Explore BrainMass

Explore BrainMass

    Introduction to Proofs

    Not what you're looking for? Search our solutions OR ask your own Custom question.

    This content was COPIED from BrainMass.com - View the original, and get the already-completed solution here!

    Describe the steps in and/or define how to accomplish the following types of proofs:
    a. That two sets are equal.
    b. That two sets are disjoint.
    c. A proof by contra-positive.
    d. A proof by contradiction.
    e. A proof by Mathematical Induction.

    (Question is repeated in attachment)

    © BrainMass Inc. brainmass.com December 24, 2021, 4:41 pm ad1c9bdddf
    https://brainmass.com/math/basic-algebra/introduction-proofs-types-1993

    Attachments

    SOLUTION This solution is FREE courtesy of BrainMass!

    a. Proof that two sets are equal:
    I'll call the sets A and B. Here, we want to show that the elements of each set are also in the other set, and that there are no extras in either set. So what we need to do is to show that if something is in set A, it's also in set B, and that if something is in set B, it's also in set A. That is, we want to show that if x is in A, that implies that x is in B, and that if y is in B, that implies that y is in A.

    b. Proof that two sets are disjoint:
    Here we want to show that none of the elements of either set are in the other set (remember that this is what "disjoint" means: the sets have nothing in common). So similarly to above, we want to show that if x is in A, that implies that x is NOT in B, and that if y is in B, that implies that y is NOT in A.

    c. Proof by contrapositive:
    Now I'll let A be my set of assumptions (the given information) and B be the thing I want to prove. The proof is then supposed to show that A => B (A implies B, our assumptions imply the conclusion).
    Recall that the contrapositive of P => Q (P implies Q) is ~Q => ~P (not Q implies not P) and that these are equivalent statements. So if we have a set of assumptions A that we want to use to prove a statement B, equivalently we can show that ~B => ~A. So we assume the opposite of the thing we wanted to prove, and show that that implies the opposite of our assumptions.

    d. Proof by contradiction:
    This is similar to a proof by contrapositive, but it's not exactly the same. In a proof by contradiction, we take our assumptions A as normal, but we assume that the thing we want to prove, B, is false. Then we take this together (A and ~B) and show that somehow there's a contradiction; that our assumptions and the opposite (negation) of B cause something to be true and false at the same time, that sort of thing. An example of a contradiction is if we could show that A and ~B meant that both x<y and x>y. What this shows is that since we assume that our assumptions are true (they wouldn't be very good assumptions if not), the problem lies not with A but with ~B... ~B must have been false, which means that as long as A was true, B must be true, and this completes the proof.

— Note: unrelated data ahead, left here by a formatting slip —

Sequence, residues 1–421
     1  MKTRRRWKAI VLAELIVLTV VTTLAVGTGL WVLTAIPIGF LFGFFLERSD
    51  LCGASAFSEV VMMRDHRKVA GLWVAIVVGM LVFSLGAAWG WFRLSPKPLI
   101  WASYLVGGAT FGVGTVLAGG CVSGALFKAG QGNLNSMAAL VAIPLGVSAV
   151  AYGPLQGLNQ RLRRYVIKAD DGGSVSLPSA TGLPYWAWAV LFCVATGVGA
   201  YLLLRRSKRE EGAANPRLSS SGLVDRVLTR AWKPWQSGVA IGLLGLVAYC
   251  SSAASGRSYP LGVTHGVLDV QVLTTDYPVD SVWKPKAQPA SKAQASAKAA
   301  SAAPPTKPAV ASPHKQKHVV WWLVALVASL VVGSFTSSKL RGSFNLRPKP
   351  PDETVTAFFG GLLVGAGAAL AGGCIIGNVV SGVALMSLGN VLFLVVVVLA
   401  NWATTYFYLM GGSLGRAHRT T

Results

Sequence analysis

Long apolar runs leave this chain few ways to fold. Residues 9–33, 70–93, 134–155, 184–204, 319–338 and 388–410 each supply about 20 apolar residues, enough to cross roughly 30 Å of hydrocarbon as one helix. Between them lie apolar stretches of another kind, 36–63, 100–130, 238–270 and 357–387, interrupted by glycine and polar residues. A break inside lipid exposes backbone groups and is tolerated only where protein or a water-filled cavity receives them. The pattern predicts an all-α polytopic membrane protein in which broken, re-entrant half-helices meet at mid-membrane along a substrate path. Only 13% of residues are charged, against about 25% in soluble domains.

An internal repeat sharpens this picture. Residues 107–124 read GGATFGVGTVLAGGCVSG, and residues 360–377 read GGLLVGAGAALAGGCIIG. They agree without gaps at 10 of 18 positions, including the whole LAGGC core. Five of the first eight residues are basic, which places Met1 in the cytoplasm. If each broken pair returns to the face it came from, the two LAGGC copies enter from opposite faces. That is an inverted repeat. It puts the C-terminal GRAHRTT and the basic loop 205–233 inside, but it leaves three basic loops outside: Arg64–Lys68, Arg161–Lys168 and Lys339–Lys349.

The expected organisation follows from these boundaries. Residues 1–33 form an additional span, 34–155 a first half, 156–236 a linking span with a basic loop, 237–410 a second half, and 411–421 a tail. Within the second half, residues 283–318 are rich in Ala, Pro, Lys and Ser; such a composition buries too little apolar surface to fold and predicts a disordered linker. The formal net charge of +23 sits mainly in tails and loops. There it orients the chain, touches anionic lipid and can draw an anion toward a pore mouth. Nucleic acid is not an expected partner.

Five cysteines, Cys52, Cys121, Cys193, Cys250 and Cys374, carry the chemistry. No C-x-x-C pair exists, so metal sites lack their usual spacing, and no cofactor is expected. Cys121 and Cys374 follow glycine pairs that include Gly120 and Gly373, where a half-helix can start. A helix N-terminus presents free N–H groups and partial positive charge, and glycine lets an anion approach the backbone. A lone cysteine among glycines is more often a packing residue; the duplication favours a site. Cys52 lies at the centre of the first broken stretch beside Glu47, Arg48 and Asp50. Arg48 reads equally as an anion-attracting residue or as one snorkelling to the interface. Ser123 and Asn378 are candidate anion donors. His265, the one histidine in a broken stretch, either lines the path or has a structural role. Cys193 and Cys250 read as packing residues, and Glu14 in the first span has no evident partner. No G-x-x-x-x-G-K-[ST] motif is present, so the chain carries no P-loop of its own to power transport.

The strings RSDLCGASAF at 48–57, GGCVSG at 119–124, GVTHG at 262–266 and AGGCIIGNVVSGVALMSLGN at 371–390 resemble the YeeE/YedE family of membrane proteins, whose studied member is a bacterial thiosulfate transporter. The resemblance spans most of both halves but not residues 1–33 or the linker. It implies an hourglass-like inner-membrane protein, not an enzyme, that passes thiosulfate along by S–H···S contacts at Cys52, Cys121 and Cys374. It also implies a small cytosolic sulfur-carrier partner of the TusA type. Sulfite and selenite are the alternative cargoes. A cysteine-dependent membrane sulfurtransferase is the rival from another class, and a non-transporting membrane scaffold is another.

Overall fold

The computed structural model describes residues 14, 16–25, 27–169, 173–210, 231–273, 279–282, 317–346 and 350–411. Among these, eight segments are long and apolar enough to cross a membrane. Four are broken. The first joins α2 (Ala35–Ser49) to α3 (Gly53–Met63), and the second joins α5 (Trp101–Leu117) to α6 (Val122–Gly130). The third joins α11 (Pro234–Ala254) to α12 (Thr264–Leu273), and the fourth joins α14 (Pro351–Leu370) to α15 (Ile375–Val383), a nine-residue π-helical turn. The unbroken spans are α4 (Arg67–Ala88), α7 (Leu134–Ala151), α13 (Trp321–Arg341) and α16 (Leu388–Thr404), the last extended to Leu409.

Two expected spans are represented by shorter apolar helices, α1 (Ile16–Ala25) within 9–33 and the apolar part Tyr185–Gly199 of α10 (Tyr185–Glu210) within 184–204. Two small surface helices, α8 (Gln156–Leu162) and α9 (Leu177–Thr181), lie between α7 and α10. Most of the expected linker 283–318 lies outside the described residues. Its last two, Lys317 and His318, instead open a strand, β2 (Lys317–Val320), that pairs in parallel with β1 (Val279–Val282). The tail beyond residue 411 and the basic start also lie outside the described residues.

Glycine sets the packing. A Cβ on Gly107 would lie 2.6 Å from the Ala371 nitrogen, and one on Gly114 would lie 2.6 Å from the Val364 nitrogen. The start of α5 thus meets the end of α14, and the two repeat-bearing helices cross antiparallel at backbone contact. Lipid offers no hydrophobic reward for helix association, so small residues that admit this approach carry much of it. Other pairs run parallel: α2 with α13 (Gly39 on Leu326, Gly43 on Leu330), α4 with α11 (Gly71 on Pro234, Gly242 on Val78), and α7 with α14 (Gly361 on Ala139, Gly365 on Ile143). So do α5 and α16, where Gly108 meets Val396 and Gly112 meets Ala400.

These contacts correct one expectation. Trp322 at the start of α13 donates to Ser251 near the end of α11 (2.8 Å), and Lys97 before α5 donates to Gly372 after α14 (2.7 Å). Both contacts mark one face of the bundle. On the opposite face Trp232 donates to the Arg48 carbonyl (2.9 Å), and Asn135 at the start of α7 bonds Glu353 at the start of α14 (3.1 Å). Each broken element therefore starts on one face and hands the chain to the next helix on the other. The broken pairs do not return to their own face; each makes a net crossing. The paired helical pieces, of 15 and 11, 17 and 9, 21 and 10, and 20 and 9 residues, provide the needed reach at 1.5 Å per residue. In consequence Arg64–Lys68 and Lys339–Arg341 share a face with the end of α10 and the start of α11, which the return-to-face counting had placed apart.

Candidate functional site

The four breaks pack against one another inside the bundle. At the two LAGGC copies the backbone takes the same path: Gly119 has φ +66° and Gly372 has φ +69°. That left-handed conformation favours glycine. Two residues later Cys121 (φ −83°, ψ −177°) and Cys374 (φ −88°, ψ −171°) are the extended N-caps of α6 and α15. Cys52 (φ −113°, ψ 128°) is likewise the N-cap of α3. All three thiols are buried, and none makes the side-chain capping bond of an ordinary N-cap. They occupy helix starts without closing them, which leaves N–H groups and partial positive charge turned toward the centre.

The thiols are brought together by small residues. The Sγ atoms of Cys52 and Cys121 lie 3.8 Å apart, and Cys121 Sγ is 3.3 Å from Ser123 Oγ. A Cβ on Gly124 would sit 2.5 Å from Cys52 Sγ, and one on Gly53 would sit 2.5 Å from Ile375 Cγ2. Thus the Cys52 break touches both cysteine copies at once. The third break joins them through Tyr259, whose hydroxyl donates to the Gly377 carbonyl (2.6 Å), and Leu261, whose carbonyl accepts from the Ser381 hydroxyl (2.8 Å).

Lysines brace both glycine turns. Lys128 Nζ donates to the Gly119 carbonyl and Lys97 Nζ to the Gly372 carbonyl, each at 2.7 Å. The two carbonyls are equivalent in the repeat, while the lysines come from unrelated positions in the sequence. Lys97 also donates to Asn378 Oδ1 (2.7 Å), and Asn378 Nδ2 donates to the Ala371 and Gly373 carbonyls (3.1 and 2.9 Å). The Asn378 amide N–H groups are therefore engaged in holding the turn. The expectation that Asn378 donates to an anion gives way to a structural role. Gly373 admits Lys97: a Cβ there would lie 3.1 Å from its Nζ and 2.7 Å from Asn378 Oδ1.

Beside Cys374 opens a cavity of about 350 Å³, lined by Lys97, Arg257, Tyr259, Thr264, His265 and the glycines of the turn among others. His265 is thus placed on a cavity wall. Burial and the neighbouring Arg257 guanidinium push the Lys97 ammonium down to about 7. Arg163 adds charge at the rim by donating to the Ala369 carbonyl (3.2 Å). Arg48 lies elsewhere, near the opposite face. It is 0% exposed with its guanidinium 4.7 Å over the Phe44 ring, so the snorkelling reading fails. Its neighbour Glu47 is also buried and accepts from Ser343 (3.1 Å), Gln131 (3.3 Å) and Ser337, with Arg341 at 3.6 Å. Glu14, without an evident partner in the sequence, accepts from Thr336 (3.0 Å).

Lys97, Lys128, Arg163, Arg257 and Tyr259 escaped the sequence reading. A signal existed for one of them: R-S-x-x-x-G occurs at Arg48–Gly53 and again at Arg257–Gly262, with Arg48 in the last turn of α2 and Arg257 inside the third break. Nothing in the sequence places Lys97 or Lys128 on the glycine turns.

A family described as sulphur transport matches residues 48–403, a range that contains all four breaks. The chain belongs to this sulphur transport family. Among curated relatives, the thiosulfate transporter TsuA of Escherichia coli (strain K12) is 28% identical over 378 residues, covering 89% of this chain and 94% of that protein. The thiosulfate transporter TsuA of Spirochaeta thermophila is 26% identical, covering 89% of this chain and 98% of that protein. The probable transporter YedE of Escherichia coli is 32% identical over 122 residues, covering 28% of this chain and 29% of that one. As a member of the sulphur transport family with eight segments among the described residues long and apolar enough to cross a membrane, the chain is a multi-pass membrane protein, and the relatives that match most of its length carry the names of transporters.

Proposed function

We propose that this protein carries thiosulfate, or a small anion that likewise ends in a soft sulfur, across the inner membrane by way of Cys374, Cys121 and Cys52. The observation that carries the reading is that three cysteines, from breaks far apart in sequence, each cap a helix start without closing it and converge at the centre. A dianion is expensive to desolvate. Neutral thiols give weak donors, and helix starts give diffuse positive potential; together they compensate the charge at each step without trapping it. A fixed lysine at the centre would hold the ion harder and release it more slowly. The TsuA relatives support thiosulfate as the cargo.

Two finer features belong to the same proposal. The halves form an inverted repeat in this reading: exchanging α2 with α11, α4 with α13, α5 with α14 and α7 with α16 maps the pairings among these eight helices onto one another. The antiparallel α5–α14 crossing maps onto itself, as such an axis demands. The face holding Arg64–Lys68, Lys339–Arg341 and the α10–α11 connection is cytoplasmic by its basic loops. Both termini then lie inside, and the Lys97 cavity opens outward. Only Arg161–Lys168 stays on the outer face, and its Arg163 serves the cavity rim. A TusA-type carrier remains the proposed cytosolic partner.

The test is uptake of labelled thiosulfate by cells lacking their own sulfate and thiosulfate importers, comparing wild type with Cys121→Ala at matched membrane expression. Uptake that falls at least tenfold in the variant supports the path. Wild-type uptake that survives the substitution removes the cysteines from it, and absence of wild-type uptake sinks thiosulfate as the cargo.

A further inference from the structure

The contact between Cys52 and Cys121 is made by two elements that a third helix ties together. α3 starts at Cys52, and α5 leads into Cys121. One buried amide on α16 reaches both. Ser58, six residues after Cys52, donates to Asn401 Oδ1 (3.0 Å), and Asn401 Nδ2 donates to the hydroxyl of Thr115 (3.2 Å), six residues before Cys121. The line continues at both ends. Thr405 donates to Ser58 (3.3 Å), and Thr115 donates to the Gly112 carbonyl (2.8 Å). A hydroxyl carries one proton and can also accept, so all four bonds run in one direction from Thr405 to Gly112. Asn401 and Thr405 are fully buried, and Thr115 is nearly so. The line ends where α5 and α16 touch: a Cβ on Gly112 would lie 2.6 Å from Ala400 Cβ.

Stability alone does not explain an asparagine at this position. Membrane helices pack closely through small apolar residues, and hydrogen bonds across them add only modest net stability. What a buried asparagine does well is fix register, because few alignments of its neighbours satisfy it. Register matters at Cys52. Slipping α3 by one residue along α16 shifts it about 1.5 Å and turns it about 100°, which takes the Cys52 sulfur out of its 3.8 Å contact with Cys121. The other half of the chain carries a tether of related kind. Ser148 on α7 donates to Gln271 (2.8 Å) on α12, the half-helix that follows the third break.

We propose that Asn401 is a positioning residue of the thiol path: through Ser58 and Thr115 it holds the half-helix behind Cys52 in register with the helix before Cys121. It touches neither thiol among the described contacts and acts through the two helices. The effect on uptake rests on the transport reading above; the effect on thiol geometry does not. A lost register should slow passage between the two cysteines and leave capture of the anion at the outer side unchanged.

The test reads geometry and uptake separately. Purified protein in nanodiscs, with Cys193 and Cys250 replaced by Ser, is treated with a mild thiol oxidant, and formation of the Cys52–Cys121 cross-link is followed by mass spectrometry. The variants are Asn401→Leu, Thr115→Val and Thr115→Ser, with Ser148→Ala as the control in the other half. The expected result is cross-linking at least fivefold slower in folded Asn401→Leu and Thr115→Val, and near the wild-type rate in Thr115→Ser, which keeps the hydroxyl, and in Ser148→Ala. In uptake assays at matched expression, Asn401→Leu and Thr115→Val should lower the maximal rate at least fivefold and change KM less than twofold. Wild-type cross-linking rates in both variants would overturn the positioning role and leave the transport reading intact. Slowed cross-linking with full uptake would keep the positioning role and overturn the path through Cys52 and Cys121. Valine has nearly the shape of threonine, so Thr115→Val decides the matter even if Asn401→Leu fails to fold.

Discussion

e. Proof by mathematical induction:
    There are three steps to a proof by induction:
    i. Show a base case: in general, the thing we're trying to prove by induction is of the form "Show that for all integers n>0, B is true" where B depends on n somehow. We call this induction on n. In that example, our base case is n=1, it's the first number we're supposed to prove B for. If we had "Show that for all integers n>25, B is true" then our base case would be n=26. So the first step is to show that assuming n is that first number, B is true.
    ii. Assume that B is true for n=k. This is an easy step, we just have to write down what it means for B to be true when n=k, which is basically just writing down B but replacing all the n's with k's.
    iii. With that assumption, prove that B is true for n=k+1. This is the real substance of the proof by induction. What we've done so far is just shown one case, the base case. In this step we show all possible cases, all at once, which is a pretty impressive trick. What we do is write down what we want to show, meaning write down what it would mean for B to be true for n=k+1. Then usually in this statement we can isolate parts that we already know from our assumption that B is true for n=k. So we apply that knowledge and then usually what's left just takes a bit of manipulation and mathematical knowledge to show that B is also true for n=k+1.
    What this accomplishes is showing that B is true for n=1 (let's say that's the base case)... but then we've shown that as long as B is true for n=k (k=1 for example), then B is true for n=k+1 (k+1=2 for example). So this logic shows that it's true for n=2, and then from the n=2 case we know the n=3 case, and so on, for all the integers.

    Hope this helps you understand these types of proofs better, and be able to write up solutions in your own words. Remember, these types of proofs get used repeatedly in many disciplines (you might be surprised where proofs become important), so it's good to make sure that you could describe to someone else in your own words what these methods entail.

    This content was COPIED from BrainMass.com - View the original, and get the already-completed solution here!

    © BrainMass Inc. brainmass.com December 24, 2021, 4:41 pm ad1c9bdddf>
    https://brainmass.com/math/basic-algebra/introduction-proofs-types-1993

    ADVERTISEMENT